It was still a good nap, precursor to a nice evening at home where we decided that the thing to do with our Sunday was not to rent a truck and pick up garden dirt and mulch for the backyard–a sure prescription for another dose of migraine for me.
We decided on a quiet day to take care of some other kinds of business and set ourselves up for a calmer workweek by planning our meals, doing laundry, getting the house cleaned up. Oh–and we also went for a long afternoon skate.
It was a perfect weekend, with a nice balance of work, play, and rest.
Everything around me these days–especially comments from many of you in response to our recent gardening post–reminds me that our projects have value beyond ourselves, beyond our own short time here.
In trying to decide which things to tackle next, how to spend the limited minutes of our lives, this past weekend I found it helpful to think of what has lasting value. What will matter beyond ourselves, beyond this day?
And that question has helped us know how to prioritize what to do next.
Much as I would love to kill the ugliness in our bedroom or upstairs bathroom, truth is that ugliness isn’t interfering with anything important. We’re not going to sleep better in a pretty room or get cleaner when those seashells finally come down.
If you’re a longtime reader, you know that we’ve struggled with our family room. Right now it’s a jumbled mess of junk. Cane’s still plugging away on removing the carpet and the carpet glue from the cement floor, but that’s not really why it’s a jumbled mess.
It’s a mess because we haven’t really figured out how we want/need to use this room. Is it a place to hang out together? A place to do projects? A place to throw junk we don’t have a good place for? A place to watch TV that doesn’t annoy others in the household? Currently, it’s sorta serving all of those functions, none of them well.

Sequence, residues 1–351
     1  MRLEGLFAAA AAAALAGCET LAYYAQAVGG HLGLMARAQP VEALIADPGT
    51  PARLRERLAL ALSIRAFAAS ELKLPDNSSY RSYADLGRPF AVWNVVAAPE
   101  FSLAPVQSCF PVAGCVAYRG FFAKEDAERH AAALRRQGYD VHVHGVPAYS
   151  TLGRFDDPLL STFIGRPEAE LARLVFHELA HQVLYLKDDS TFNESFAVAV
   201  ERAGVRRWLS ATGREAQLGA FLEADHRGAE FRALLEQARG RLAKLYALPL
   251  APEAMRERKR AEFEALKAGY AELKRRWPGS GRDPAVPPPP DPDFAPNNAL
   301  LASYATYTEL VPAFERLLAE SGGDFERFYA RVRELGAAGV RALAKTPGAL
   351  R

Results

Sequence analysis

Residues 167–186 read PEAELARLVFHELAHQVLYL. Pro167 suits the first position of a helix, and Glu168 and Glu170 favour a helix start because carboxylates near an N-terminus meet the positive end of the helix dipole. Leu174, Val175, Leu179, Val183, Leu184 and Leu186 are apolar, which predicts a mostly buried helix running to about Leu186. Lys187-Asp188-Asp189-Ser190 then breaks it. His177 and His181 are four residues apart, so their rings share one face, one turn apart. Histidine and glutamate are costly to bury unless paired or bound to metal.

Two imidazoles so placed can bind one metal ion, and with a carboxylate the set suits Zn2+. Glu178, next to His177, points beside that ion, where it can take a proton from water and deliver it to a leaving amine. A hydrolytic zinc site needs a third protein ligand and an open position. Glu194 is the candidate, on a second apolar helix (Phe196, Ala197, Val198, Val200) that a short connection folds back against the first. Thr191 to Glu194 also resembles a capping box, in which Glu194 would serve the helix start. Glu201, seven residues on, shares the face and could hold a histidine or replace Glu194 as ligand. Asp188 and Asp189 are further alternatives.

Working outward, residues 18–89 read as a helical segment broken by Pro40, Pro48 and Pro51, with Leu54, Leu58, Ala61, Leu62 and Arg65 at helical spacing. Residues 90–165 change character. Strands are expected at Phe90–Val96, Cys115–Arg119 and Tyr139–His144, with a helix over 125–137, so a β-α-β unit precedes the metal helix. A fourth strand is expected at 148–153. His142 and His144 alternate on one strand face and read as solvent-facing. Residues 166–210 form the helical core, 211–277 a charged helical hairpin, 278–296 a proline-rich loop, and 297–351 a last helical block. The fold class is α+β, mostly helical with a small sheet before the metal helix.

We know that we want this space to better serve our family. My kids are almost done with their first year of high school. We only have about three more years with them.
What will matter when they are gone, when this time with them is done, is how we spent time together. So, that’s where our focus is going to go–the places we spend time together.
This week Cane and I are beginning an online design course, and my project for the class is going to be figuring out a design for the family room. Cane’s is going to be another project we’ve been kicking around for awhile:
We want to tackle a seating/eating/storage solution for our kitchen (another place we spend time together that isn’t functioning as well as we’d like). It involves replacing our current table with built-in banquet seating that also contains storage.
We’re going to get that vegetable garden in and keep plugging away on our yard. We’ll need to spend some time again on our deck pretty soon. But it’s nice to feel we have a focus for those little slices of time we get to spend on our want-to-dos.
How about you?
How was your weekend? Ever take a nap in the face of an overwhelming to-do list? How do you decide how to prioritize your projects and your time? We love to talk with you in the comments.
Sharing this post with the William Morris Project going on over at Pancakes and French Fries.